Antinutritional impact of dietary fibre
A recent study investigated the specific effect of arabinoxylan content and enzyme addition on feed digestibility in finishing pigs. The experimental diets contained three levels of arabinoxylans, each with or without a multicarbohydrase complex (Rovabio Advance, Adisseo).
Figure 1 shows that increasing levels of arabinoxylan negatively impacted gross energy digestibility, while the addition of the multicarbohydrase complex solution improved it by 62, 230 and 355kJ/kg. A significant improvement of 5% was also seen in amino acid digestibility. The data demonstrate that arabinoxylans are an antinutritional factor in pigs and that multienzyme supplementation improves the digestibility of feed. Together these effects allow reformulation of diets to improve the economics of production, saving natural resources and decreasing nitrogen excretion. And the level of this effect is dependent on the composition of the diet.
Carbohydrases plus phytase
To demonstrate the synergy of various enzymes simultaneously, a highly concentrated phytase was added to the multicarbohydrase complex (Rovabio Advance Phy, Adisseo), creating an MCPC. The study, carried out at South Dakota State University, evaluated the effect of this MCPC on the performance of grower-finisher pigs.
Five typical American corn-wheat-soybean meal-based diets were formulated as follows:
- positive control
- negative control 1 (NC1)
- NC1 plus MCPC
- negative control 2 (NC2)
- NC2 plus MCPC.
Relative to the positive control diet, both negative control diets were similarly reduced in digestible phosphorus (-0.134%) and calcium (-0.12%). NC1 was reduced in net energy and digestible amino acids by 3%, while NC2 had 5% lower levels of net energy and digestible amino acids than the positive control.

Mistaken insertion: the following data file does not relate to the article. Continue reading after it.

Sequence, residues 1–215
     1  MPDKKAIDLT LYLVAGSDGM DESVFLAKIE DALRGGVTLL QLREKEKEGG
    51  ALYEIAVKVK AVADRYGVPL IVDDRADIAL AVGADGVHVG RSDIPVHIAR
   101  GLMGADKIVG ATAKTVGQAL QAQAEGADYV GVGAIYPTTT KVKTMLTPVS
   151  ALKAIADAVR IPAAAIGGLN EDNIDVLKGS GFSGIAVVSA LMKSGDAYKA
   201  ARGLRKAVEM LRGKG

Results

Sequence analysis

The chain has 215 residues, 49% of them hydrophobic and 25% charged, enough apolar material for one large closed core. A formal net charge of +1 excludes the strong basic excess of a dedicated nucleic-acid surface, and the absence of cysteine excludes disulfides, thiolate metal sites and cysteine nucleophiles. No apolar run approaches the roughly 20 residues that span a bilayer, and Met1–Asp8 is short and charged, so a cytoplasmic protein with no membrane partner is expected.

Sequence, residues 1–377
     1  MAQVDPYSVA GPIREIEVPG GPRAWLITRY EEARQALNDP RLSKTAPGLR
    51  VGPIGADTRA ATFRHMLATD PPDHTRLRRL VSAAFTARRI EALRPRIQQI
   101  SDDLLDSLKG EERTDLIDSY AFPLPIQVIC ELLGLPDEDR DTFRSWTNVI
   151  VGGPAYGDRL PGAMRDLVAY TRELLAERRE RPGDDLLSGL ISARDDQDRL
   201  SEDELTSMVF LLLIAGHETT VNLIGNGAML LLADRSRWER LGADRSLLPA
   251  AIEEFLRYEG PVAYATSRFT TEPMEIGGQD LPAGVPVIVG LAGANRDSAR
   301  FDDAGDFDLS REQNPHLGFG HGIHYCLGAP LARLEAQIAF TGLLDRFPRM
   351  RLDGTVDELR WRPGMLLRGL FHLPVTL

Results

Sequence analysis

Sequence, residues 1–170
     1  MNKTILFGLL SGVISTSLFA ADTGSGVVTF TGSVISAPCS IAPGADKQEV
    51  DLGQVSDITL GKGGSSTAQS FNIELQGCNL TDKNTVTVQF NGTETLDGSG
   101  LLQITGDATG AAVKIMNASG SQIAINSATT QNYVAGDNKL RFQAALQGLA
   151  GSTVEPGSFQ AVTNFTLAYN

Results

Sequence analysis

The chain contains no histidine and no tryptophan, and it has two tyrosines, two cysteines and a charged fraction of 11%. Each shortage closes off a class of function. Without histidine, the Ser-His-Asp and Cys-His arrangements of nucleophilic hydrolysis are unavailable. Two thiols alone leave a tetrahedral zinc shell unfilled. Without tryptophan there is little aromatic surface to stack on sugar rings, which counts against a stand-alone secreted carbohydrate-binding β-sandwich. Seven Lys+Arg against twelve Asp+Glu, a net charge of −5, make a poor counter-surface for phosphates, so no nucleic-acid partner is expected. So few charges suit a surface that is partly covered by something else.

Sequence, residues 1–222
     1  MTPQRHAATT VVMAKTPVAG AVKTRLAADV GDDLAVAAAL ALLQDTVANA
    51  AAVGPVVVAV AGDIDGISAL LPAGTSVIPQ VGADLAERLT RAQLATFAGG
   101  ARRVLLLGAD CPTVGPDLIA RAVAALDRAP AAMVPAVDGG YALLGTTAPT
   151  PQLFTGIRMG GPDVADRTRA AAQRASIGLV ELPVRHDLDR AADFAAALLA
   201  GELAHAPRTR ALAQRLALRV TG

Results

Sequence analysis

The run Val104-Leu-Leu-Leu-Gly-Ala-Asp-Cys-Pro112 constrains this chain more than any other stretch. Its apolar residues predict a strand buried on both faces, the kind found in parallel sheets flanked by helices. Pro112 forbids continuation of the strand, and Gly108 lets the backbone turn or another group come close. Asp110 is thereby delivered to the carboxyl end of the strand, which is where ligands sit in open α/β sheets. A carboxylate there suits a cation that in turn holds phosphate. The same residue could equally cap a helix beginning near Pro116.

Over the whole growth period (34–120kg body weight), pigs fed either of the unsupplemented negative control diets performed worse than the positive control. The addition of the MCPC to both negative control diets resulted in better performance. Figure 2 shows that gain to feed ratio reached at least the same level as the positive control.
Those data demonstrate that the addition of an MCPC was able to recover the performance lost when feeding lower specification diets. Those nutrient reductions saved € 20/MT of feed compared to the positive control. That is a saving of € 4.50 per pig. Improving digestibility, the Feedase effect contributed to lowering the use of phosphorus and nitrogen resources, decreasing the waste of nutrients.
Using the Feedase effect to optimise feed formulation has been proven to be technically and economically advantageous for the pig industry. In addition, this research, in combination with other published studies using this combination, shows that it is possible to get more gain out of diets and also make decisions based on specific literature developed. And on top of the economic benefits, the effect on the sustainability of pig production is notable.
More information can be obtained at http://feedase.com. The author can be reached at firstname.lastname@example.org. References are available on request.